1. Actually, it appears to be moving n back and forth between memory pointed to by eap and eax, which seems oddly wasteful given that it never branches out of this function. It also does 3 tests when only 2 should be necessary.
  2. Technically the Erlang code probably can't keep the current value of N in a register when calling receive since receive may cause a task switch to another process, so assume that receive copies registers out to memory before executing then swaps them back in when its done.
  3. Some people equate state with data, but that's just as bad. Code is data so all code must be stateful - another useless conclusion.

10 comments:

per said...

If you want to see the native code for an erlang function you can write hipe:c({M,F,A}, [pp_native]) in a hipe enabled system. This will also native compile the function.
M is the module name.
F is the function name.
A is the arity (number of arguments).

James Iry said...

Thanks per, I might give that a try sometime.

Tony said...

Have you looked at Reia? I'm trying to make a Ruby-like faux mutable state language which runs on the Erlang virtual machine:

http://wiki.reia-lang.org

Anonymous said...

The generated assembly from the haskell benefits from adding '-fvia-c' and involving GCC in the process, but it still has the unnecessary register->memory->register stuff. No such issue with OCaml.

Chris Rathman said...

Not sure if it helps make the point, but I used threads to mimic mutable state variables in Erlang to translate the examples of SICP Chapter #3.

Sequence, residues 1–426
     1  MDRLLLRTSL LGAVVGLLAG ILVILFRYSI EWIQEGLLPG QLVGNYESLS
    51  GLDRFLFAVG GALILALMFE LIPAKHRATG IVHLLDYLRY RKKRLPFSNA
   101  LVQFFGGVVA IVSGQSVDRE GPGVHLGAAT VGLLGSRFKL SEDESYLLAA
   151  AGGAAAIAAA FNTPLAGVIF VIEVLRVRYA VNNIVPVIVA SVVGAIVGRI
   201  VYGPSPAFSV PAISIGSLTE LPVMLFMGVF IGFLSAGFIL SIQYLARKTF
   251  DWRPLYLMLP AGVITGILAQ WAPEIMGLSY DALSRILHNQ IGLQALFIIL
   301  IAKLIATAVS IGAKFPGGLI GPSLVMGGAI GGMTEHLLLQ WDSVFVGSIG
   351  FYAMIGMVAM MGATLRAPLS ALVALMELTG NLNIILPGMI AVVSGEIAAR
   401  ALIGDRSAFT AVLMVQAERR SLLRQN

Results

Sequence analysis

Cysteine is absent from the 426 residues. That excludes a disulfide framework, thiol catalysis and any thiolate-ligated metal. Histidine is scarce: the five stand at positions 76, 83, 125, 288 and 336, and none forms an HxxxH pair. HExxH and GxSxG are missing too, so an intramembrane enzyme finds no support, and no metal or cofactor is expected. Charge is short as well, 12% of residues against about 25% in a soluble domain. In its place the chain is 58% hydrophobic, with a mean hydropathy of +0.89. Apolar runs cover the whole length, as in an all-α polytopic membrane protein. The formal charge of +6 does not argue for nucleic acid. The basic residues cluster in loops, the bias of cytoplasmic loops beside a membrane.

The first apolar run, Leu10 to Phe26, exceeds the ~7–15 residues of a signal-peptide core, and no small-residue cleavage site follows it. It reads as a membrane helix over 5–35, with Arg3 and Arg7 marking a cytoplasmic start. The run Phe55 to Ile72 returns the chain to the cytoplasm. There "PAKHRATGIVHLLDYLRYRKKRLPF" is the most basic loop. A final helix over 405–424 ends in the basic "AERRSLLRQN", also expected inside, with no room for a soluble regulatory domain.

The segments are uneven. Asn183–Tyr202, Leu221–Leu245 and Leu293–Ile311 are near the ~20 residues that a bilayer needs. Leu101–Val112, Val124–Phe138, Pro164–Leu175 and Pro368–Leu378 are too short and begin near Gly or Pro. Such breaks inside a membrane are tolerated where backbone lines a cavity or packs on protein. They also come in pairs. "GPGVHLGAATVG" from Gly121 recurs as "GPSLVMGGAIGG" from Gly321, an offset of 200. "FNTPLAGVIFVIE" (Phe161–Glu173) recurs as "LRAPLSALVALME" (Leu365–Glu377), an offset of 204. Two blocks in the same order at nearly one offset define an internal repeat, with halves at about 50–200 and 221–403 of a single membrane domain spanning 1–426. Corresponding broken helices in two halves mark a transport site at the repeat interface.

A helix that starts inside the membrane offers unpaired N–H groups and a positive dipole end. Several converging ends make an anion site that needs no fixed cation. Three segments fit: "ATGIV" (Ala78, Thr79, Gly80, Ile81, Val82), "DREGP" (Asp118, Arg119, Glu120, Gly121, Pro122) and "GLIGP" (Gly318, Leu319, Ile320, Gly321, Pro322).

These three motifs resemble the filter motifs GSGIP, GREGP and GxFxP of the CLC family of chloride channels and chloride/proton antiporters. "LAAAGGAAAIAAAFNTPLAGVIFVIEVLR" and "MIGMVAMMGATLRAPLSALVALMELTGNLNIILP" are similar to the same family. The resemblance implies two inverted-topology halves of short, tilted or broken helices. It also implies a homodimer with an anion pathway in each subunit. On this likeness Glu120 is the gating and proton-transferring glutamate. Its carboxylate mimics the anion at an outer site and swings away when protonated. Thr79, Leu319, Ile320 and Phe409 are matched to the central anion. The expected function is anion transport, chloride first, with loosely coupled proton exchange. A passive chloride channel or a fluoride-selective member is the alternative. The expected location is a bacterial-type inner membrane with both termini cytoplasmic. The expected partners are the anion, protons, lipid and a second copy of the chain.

Leon Smith said...

Indeed, I've done the same thing that Chris Rathman has, modulo the exercises from Chapter 3.

This also illustrates that it is indeed possible to create race conditions, even in Erlang. With a bit more work, it's even possible to demonstrate race conditions without explicitly emulating state variables.

However, Erlang's race conditions don't seem to be as pernicious, by and large. I don't really know why.

Anthony Williams said...

Any language with side effects has state, because you can check whether the side effects have happened or not. If you don't have side effects, you might as well not bother, because your program doesn't do anything.

As you point out, Erlang has state because the response to a message is not necessarily always the same. The internal state of a process is encoded in the IP.

The benefit of Erlang is not the lack of state, but that each process is in full control of its state changes. Yes, other processes can send messages, but they don't change the state of the process until it receives that message. If the process never does a receive then all these messages go in the bit bucket. This doesn't eliminate all race conditions or deadlocks, but it does eliminate a large variety of problematic ones.

id said...

Interesting article.

Instruction pointer and call stack can definitely capture state. And, the state will have to be represented using variables or registers at some lower level, unless you are using functional hardware. :-)

This reminds me of RoboZZle, a robot-programming online game (http://robozzle.com/) that I work on. You program the robot using only functions, movement commands and certain conditionals. Using only that, you can implement programs where the robot cycles through states, counts steps, remembers a sequence of turns and reproduces it later in reverse, etc.

So, just because a program doesn't mutate variables, that doesn't imply it is stateless (which would barely even make sense in a strict interpretation).

Raoul Duke said...

yegge?

Robert Virding said...

Sorry for being so late, but I missed this.

I think all the discussion about how low-level state is handled clouds the issue and is basically irrelevant. In the OO example state is kept in a variable which is explicitly mutated, while in Erlang and Haskell state is kept in the arguments to the functions called. So in erlang you basically get:

loop(State) ->
receive
Msg ->
NewState = do_something(Msg, State),
loop(NewState)
end.

You can also extend the loop to calling different functions to show which state you are and encode some state in the current function. For example an FSM.